Source: Semantics Archive


     


    Posted by Tony Marmo at 14:58 BST

    Now Playing: Reposted
    Topic: HUMAN SEMANTICS

    Quantification and Second-Order Monadicity


    By Paul M. Pietroski

    Once we grant that grammatical structure can be as complicated as logical structure, and just as distant from audible features of word strings, we can approach the study of human cognition by combining the insights of modern logic (and not just its first-order fragment) and linguistics. Those deciding where to invest might want to compare this project, in terms of the results it has delivered and its potential for delivering more in the foreseeable future, with alternative projects that philosophers of language and mind have been pursuing. My bias in this regard will be evident. Though a more dispassionate assessment might lead to much the same conclusion: for now, our best hope of learning something important about the structure of thought-and giving substance to the ancient idea of language as a mirror of the mind-lies with figuring out how Frege, Chomsky, Montague, Davidson, and many others could each be importantly right, and no doubt wrong, about the same thing: namely, the shared syntactic/semantic structure of our sentences/thoughts. My suggestion is that this structure is more conjunctive, monadic, and second-order than one might think.

    Source: Semantics Archive


     


    Posted by Tony Marmo at 00:01 BST
    Updated: Friday, 29 September 2006 15:00 BST
    Friday, 1 September 2006

    Topic: Interconnections

    Truth and the Unprovability of Consistency


    By Hartry Field

    It might be thought that we could argue for the consistency of a mathematical theory T within T, by giving an inductive argument that all theorems of T are true and inferring consistency. By Gödel's second incompleteness theorem any such argument must break down, but just how it breaks down depends on the kind of theory of truth that is built into T. The paper surveys the possibilities, and suggests that some theories of truth give far more intuitive diagnoses of the breakdown than do others. The paper concludes with some morals about the nature of validity and about a possible alternative to the idea that mathematical theories are indefinitely extensible.

    Under review

    Professor Field is one of the leading advocates of the Deflationary Theory of Truth and his views are among the most challenging ones at the turn of the century. This papers tries to tackle one of the most difficult and most important Philosophical issues of the XXth century.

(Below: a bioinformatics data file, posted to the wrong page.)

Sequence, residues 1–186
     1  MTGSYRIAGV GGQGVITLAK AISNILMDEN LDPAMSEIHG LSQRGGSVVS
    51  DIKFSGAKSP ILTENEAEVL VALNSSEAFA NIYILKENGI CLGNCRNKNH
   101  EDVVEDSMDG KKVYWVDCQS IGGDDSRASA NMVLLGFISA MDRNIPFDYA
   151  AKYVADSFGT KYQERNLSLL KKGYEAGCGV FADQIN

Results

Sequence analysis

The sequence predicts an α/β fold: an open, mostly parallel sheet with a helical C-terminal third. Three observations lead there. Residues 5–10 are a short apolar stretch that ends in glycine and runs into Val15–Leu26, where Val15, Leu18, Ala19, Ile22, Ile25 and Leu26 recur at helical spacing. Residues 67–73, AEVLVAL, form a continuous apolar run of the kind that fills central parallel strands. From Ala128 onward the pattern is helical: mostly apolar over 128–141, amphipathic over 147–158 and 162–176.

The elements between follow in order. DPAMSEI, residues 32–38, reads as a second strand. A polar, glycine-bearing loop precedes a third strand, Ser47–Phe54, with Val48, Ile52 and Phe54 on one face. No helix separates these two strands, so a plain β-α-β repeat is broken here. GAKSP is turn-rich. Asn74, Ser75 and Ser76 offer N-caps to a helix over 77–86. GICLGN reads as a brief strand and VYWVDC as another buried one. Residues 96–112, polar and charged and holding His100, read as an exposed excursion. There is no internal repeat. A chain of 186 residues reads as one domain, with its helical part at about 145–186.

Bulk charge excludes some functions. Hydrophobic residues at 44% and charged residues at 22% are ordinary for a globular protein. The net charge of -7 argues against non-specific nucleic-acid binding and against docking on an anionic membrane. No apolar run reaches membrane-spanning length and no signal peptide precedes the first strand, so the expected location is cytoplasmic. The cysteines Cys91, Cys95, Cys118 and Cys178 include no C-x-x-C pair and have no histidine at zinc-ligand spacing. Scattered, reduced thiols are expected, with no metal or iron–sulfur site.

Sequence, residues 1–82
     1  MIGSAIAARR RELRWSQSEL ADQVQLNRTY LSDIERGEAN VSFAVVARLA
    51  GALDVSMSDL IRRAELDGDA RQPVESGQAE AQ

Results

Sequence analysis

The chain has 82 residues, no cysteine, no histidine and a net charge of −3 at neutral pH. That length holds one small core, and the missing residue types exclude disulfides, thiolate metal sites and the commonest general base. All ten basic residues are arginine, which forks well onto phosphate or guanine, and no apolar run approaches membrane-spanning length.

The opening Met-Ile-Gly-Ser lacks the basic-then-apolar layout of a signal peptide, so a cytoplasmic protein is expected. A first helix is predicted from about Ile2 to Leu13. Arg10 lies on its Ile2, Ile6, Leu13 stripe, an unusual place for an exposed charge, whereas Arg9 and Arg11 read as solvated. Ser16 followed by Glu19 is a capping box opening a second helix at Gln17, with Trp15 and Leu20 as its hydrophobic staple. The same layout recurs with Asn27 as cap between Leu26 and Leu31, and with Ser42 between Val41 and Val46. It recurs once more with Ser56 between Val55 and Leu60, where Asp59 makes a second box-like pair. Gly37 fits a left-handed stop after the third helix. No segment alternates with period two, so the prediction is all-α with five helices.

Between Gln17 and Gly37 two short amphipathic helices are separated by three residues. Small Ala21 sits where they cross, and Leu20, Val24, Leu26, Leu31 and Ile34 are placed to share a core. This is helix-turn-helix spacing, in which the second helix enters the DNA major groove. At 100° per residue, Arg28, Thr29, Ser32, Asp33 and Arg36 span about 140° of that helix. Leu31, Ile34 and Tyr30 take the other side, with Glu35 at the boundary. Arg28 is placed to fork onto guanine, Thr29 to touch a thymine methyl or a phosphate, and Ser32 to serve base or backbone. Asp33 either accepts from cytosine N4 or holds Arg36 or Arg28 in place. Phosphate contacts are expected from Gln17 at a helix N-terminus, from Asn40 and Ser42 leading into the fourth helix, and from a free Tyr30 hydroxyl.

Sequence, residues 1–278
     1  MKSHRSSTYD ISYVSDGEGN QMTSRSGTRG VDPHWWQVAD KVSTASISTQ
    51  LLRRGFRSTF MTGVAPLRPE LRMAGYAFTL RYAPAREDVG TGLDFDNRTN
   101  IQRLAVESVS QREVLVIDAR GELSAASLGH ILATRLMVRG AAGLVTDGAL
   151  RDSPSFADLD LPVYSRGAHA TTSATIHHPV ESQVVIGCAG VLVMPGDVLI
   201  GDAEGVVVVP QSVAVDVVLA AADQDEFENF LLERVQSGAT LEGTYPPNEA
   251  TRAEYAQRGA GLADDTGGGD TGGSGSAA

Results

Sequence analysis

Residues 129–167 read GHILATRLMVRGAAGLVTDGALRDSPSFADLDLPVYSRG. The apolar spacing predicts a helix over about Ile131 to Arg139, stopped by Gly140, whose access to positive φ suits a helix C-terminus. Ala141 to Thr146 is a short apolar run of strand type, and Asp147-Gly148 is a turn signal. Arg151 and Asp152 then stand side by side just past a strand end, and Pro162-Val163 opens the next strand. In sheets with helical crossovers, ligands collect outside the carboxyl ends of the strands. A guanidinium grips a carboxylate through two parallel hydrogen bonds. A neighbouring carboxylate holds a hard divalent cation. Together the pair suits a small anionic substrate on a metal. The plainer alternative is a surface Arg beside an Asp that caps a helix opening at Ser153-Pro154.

Posted by Tony Marmo at 00:01 BST
    Updated: Thursday, 31 August 2006 23:22 BST
    Thursday, 24 August 2006

    Topic: Interconnections

    Semantic computations of truth, based on associations already learned 

    By Patrick Suppes & Jean-Yves Beziau

    In this article we try to give an account of how one determines the truth or falsity of sentences like: Paris is the capital of France, Paris is not the capital of France, Rome is the capital of France. We want to describe the computations underlying the answers given, taking into account, at least in a qualitative way, the time factor what psychologists call the latency of a response. Our theory should be able to explain the data gathered by experimentation, for example, why it takes more time to give a negative answer than a positive one, be it true or false. But the important theoretical question is what is the actual method of computation, a problem not ordinarily considered in philosophical theories of truth, but also not subject to direct empirical observation.



    Posted by Tony Marmo at 04:01 BST
    Updated: Thursday, 24 August 2006 04:06 BST
    Wednesday, 9 August 2006

    Topic: Interconnections

    Intensional Models for the Theory of Types


    By Reinhard Muskens

    In this paper we define intensional models for the classical theory of types, thus arriving at an intensional type logic ITL. Intensional models generalize Henkin's general models and have a natural definition. As a class they do not validate the axiom of Extensionality. We give a cut-free sequent calculus for type theory and show completeness of this calculus with respect to the class of intensional models via a model existence theorem. After this we turn our attention to applications. Firstly, it is argued that, since ITL is truly intensional, it can be used to model ascriptions of propositional attitude without predicting logical omniscience. In order to illustrate this a small fragment of English is defined and provided with an ITL semantics. Secondly, it is shown that ITL models contain certain objects that can be identified with possible worlds. Essential elements of modal logic become available within classical type theory once the axiom of Extensionality is given up.

    Source: Semantics Archive, To appear in the The Journal of Symbolic Logic


     


    Posted by Tony Marmo at 18:08 BST
    Updated: Thursday, 24 August 2006 04:07 BST
    Wednesday, 26 July 2006

    Topic: Cognition & Epistemology

    A STRATEGY FOR ASSESSING CLOSURE


    By Peter Murphy

    This paper looks at an argument strategy for assessing the epistemic closure principle. This is the principle that says knowledge is closed under known entailment; or (roughly) if S knows p and S knows that p entails q, then S knows that q. The strategy in question looks to the individual conditions on knowledge to see if they are closed. According to one conjecture, if all the individual conditions are closed, then so too is knowledge. I give a deductive argument for this conjecture. According to a second conjecture, if one (or more) condition is not closed, then neither is knowledge. I give an inductive argument for this conjecture. In sum, I defend the strategy by defending the claim that knowledge is closed if, and only if, all the conditions on knowledge are closed. After making my case, I look at what this means for the debate over whether knowledge is closed.

    Forthcoming in Erkenntnis



    Posted by Tony Marmo at 17:41 BST